The emails, obtained via the Freedom of Information Act, show that the campaign to reassure the public about America’s nuclear industry came as the agency’s own experts were questioning U.S. safety standards and scrambling to determine whether new rules were needed to ensure that the meltdown occurring at the Japanese plant could not occur here.
At the end of that long first weekend of the crisis three years ago, NRC Public Affairs Director Eliot Brenner thanked his staff for sticking to the talking points that the team had been distributing to senior officials and the public.
“While we know more than these say,” Brenner wrote, “we’re sticking to this story for now.”
There are numerous examples in the emails of apparent misdirection or concealment in the initial weeks after the Japanese plant was devastated by a 9.0 earthquake and 50-foot tsunami that knocked out power and cooling systems at the six-reactor plant, eventually causing releases of radioactive material:
Trying to distance the U.S. agency from the Japanese crisis, an NRC manager told staff to hide from reporters the presence of Japanese engineers in the NRC’s operations center in Maryland.
If asked whether the Diablo Canyon Power Plant on the California coast could withstand the same size tsunami that had hit Japan, spokespeople were told not to reveal that NRC scientists were still studying that question. As for whether Diablo could survive an earthquake of the same magnitude, “We’re not so sure about, but again we are not talking about that,” said one email.
When skeptical news articles appeared, the NRC dissuaded news organizations from using the NRC’s own data on earthquake risks at U.S. nuclear plants, including the Indian Point Energy Center near New York City.
And when asked to help reporters explain what would happen during the worst-case scenario — a nuclear meltdown — the agency declined to address the questions.
As the third anniversary of Fukushima on Tuesday approaches, the emails pull back the curtain on the agency’s efforts to protect the industry it is supposed to regulate. The NRC officials didn’t lie, but they didn’t always tell the whole truth either. When someone asked about a topic that might reflect negatively on the industry, they changed the subject.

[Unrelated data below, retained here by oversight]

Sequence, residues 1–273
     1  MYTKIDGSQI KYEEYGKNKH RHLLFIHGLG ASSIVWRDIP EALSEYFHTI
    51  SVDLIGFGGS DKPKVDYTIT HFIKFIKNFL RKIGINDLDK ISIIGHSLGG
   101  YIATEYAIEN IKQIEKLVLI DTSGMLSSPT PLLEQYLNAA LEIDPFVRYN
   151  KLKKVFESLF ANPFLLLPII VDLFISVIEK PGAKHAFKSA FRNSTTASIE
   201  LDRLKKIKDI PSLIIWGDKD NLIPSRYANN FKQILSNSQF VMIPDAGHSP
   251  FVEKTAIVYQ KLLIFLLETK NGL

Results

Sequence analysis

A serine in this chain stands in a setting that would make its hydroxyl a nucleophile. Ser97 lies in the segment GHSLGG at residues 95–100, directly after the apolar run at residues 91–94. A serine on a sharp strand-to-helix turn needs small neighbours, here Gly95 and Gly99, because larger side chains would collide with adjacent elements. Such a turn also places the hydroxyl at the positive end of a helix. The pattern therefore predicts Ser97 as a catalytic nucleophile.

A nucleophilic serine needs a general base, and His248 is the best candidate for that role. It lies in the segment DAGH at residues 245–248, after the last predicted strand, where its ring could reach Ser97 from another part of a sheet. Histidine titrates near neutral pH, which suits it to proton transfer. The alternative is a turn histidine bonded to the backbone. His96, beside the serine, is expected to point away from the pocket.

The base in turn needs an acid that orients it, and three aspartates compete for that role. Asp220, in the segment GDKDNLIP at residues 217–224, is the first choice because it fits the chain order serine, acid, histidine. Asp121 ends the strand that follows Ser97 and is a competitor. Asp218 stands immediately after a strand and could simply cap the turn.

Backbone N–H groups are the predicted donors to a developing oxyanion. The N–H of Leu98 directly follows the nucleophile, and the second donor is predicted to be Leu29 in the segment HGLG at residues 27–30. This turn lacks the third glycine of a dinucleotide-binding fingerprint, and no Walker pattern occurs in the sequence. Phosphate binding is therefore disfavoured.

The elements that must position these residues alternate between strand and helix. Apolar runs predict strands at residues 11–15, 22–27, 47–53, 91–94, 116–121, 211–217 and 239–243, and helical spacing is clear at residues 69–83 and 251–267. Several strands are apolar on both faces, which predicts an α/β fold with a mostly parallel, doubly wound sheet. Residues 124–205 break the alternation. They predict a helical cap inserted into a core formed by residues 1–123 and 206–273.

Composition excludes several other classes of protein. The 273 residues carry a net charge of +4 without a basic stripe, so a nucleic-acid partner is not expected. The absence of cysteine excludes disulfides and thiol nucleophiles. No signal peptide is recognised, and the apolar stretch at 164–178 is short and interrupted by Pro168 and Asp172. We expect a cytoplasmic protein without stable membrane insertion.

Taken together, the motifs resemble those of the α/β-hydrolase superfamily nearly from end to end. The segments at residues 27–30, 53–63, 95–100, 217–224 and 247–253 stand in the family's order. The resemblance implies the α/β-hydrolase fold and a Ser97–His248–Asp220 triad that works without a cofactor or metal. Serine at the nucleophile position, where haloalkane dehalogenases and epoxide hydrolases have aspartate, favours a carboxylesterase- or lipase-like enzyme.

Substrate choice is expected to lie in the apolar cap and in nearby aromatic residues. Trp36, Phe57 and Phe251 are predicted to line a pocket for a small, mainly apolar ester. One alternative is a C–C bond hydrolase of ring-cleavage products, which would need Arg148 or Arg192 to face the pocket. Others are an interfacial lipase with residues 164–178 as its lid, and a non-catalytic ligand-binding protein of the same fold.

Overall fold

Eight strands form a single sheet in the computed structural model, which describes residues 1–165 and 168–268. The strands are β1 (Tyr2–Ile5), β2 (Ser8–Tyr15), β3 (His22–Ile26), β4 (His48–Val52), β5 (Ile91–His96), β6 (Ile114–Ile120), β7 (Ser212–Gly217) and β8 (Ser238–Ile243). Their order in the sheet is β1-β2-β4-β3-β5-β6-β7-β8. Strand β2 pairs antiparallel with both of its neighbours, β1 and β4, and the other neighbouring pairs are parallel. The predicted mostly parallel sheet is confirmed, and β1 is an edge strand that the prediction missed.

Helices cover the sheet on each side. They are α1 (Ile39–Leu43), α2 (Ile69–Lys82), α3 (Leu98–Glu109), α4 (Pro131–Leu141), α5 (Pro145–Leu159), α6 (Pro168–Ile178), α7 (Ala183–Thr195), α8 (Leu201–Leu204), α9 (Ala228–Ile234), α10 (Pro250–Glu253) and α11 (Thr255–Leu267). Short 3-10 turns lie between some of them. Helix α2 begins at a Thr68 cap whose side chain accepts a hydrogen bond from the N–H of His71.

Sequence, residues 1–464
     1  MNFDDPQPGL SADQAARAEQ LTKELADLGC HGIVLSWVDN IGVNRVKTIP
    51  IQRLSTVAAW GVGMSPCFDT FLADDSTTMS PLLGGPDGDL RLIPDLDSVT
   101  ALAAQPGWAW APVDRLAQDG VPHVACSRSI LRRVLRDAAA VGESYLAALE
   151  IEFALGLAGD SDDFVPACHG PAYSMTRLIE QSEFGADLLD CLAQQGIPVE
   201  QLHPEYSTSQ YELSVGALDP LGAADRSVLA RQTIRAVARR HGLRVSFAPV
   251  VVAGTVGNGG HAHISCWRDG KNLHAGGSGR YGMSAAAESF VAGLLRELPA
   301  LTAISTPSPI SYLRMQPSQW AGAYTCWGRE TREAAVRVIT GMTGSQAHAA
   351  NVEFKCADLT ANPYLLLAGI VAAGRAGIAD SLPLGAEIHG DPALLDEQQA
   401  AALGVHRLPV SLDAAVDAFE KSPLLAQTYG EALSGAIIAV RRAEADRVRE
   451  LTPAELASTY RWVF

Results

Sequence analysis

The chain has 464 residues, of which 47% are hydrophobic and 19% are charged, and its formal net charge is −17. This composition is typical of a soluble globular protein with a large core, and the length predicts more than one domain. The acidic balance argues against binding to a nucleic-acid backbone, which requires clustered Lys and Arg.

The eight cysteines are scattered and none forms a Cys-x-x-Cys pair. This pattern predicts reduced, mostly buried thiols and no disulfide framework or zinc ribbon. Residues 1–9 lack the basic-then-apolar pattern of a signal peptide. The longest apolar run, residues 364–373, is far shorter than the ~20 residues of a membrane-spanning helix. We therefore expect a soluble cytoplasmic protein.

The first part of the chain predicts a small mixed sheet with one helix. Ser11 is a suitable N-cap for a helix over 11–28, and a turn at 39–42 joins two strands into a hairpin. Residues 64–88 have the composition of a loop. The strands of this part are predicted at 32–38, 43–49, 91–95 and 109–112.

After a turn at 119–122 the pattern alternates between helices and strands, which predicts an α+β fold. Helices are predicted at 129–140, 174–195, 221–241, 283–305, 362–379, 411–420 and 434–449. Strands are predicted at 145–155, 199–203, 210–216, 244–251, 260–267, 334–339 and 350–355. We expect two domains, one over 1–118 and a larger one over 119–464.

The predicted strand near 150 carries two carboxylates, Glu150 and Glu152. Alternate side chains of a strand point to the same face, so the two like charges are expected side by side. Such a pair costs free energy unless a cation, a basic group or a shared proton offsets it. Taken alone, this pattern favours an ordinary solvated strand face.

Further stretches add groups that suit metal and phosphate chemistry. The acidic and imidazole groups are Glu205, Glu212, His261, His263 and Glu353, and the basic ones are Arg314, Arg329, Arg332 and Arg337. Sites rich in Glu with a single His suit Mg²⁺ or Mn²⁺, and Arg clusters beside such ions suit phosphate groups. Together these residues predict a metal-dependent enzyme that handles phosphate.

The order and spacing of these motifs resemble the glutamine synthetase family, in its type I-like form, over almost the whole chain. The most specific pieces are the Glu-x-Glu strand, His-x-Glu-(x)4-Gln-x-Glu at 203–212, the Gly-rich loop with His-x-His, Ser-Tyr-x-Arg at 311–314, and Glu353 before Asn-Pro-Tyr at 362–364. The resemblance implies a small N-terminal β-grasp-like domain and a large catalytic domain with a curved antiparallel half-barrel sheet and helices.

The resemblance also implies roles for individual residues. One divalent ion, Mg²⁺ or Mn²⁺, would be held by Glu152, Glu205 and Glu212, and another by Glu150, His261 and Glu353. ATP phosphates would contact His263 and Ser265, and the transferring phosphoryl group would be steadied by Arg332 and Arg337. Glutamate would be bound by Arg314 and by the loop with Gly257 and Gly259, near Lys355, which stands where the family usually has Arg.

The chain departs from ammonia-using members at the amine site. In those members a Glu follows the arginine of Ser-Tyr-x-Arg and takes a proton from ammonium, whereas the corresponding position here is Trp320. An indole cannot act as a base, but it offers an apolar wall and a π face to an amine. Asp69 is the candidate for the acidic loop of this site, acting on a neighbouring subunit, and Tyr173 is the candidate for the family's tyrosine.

NBC News requested in late March 2011 all of the emails sent and received by certain NRC staffers during the first week of the crisis. Other news organizations and watchdogs filed similar requests. The NRC has now been posting thousands of emails in its public reading room over the past two years.
The NRC declined to discuss specific emails or communications. But Brenner provided an emailed statement: “The NRC Office of Public Affairs strives to be as open and transparent as possible, providing the public accurate information in the proper context. We take our communication mission seriously. We did then and we do now. The frustration displayed in the chosen e-mails reflects more on the extreme stress our team was under at the time to assure accuracy in a context in which information from Japan was scarce to nonexistent. These e-mails fall well short of an accurate picture of our communications with the American public immediately after the event and during the past three years.”
Dating back to the Three Mile Island nuclear crisis in 1979, many nuclear watchdogs and critics have said that the NRC acts first to protect the industry, and its own reputation. One critic said these emails solidify that perception.
“The NRC knew a lot more about what was going on than it wanted to tell the American people,” said Edwin Lyman, senior scientist at the nuclear watchdog group Union of Concerned Scientists and co-author of the new book “Fukushima: The Story of a Nuclear Disaster,” which relied on some of the same emails. “They immediately put out information that implied that U.S. reactors were in a better position to withstand Fukushima type events than Fukushima reactors were, but it was clear that the what the NRC knew internally was not nearly as positive.”